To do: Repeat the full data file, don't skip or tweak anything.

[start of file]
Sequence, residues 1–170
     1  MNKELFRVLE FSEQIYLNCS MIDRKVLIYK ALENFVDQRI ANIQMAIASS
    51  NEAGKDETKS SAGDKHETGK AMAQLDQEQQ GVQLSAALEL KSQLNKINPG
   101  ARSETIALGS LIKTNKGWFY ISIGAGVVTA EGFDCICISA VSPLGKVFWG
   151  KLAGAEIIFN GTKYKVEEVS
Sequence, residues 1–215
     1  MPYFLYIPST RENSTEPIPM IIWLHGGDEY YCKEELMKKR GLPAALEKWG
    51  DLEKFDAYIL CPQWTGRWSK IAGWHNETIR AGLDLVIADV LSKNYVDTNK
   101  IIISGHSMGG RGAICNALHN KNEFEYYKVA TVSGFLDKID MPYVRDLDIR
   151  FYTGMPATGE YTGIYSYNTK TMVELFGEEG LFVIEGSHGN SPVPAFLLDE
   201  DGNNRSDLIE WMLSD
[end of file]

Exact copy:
Sequence, residues 1–170
     1  MNKELFRVLE FSEQIYLNCS MIDRKVLIYK ALENFVDQRI ANIQMAIASS
    51  NEAGKDETKS SAGDKHETGK AMAQLDQEQQ GVQLSAALEL KSQLNKINPG
   101  ARSETIALGS LIKTNKGWFY ISIGAGVVTA EGFDCICISA VSPLGKVFWG
   151  KLAGAEIIFN GTKYKVEEVS
Sequence, residues 1–215
     1  MPYFLYIPST RENSTEPIPM IIWLHGGDEY YCKEELMKKR GLPAALEKWG
    51  DLEKFDAYIL CPQWTGRWSK IAGWHNETIR AGLDLVIADV LSKNYVDTNK
   101  IIISGHSMGG RGAICNALHN KNEFEYYKVA TVSGFLDKID MPYVRDLDIR
   151  FYTGMPATGE YTGIYSYNTK TMVELFGEEG LFVIEGSHGN SPVPAFLLDE
   201  DGNNRSDLIE WMLSD